The Republic of Plato ( Francis MacDonald Cornford Translation)

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Very Good - Moderate shelf wear. Tightly bound. Clean and unmarked pages.
Oxford University Press, 1954
First Edition, Tenth Printing

The Republic is the central work of Plato, the Western world's most famous philosopher. It is a penetrating inquiry into the nature and meaning of morality, and justice of the ideal state and its ruler.  All subsequent European thinking about these subjects owes its character, directly or indirectly, to this most famous, and most accessible of the Platonic dialogues.  Containing crucial arguments and insights into many other areas of philosophy, it is also a literary masterpiece: the philosophy is presented for the most part for ordinary readers, who are carried along by the wit and intensity of the dialogue and by Plato's unforgettable images of the human condition. This lucid translation is complemented by full explanatory notes and a critical introduction. The ideas of Plato (c429-347BC) have influenced Western philosophers for over two thousand years. Such is his importance that the twentieth-century philosopher A.N. Whitehead described all subsequent developments within the subject as footnotes to Plato's work. Beyond philosophy, he has exerted a major influence on the development of Western literature, politics and theology.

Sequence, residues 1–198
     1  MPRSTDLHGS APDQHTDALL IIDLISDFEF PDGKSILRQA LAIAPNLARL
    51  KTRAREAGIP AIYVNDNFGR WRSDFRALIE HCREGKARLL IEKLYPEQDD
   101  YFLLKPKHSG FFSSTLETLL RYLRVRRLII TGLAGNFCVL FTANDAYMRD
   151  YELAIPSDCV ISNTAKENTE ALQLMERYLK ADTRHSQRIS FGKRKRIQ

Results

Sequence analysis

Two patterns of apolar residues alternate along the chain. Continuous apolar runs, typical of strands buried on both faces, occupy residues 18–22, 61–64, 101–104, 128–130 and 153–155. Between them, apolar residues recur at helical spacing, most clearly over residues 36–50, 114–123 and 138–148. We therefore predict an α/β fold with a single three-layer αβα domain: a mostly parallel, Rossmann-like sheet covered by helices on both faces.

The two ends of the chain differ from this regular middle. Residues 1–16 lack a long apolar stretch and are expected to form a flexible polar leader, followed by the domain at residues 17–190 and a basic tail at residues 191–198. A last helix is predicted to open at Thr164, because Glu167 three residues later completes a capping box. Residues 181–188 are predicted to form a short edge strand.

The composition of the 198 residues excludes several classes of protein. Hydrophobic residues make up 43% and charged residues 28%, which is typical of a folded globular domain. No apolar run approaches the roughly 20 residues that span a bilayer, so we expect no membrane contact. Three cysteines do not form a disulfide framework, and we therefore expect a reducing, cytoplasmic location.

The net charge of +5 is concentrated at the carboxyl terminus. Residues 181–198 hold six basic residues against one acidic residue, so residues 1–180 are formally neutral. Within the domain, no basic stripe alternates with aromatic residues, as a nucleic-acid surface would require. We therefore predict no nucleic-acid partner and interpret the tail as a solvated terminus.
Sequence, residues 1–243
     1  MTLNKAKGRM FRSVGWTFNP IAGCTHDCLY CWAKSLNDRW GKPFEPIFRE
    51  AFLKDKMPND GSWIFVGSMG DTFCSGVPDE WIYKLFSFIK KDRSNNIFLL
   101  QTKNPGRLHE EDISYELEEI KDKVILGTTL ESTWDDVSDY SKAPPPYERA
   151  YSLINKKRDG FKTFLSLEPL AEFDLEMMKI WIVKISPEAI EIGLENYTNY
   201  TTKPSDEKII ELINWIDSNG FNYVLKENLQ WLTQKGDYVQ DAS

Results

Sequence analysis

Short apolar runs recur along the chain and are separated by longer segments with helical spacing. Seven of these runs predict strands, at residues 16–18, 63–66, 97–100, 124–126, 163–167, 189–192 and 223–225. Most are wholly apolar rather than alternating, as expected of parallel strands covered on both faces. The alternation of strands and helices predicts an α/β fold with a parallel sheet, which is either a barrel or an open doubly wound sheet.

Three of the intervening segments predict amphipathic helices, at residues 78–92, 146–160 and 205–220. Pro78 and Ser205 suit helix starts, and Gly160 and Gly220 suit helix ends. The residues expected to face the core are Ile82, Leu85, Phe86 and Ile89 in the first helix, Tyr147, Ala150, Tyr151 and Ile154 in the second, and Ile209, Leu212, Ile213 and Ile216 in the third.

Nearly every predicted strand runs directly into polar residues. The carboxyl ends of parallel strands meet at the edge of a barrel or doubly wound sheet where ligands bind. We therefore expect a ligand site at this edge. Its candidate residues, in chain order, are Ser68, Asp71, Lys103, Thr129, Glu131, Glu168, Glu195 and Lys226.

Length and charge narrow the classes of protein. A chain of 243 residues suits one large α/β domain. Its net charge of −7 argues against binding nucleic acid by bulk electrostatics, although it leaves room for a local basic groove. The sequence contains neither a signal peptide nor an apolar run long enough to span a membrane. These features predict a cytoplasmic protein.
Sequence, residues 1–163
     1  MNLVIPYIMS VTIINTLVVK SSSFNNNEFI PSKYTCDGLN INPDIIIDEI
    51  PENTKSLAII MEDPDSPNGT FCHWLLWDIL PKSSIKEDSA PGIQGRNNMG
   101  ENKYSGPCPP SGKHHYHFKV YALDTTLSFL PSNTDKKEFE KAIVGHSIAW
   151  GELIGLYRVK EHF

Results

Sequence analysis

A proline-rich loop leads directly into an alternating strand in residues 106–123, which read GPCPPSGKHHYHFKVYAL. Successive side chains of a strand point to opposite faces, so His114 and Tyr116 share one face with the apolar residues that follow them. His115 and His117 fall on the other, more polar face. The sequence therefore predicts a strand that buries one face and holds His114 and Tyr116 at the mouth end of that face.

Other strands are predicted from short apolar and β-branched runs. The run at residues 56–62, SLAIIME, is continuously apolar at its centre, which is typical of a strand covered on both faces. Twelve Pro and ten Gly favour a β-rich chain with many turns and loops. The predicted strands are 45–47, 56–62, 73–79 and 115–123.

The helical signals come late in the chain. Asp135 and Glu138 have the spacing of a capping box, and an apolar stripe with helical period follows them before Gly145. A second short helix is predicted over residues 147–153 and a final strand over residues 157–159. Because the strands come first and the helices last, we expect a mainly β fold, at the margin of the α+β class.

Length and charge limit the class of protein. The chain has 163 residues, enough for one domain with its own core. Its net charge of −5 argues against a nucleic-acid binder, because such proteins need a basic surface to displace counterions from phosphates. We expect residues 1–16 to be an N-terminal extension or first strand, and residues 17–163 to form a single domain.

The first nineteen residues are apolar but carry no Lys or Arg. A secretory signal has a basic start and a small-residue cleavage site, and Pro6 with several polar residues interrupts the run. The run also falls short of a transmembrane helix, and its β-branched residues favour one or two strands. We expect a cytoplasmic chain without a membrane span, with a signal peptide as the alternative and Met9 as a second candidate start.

About the Translator

Francis Macdonald Cornford was an English classical scholar and translator.  Cornford was educated at St Paul's School and Trinity College, Cambridge, where he was a Fellow from 1899 and held a teaching post from 1902. He became Laurence Professor of Ancient Philosophy in 1931 and was elected a Fellow of the British Academy in 1937.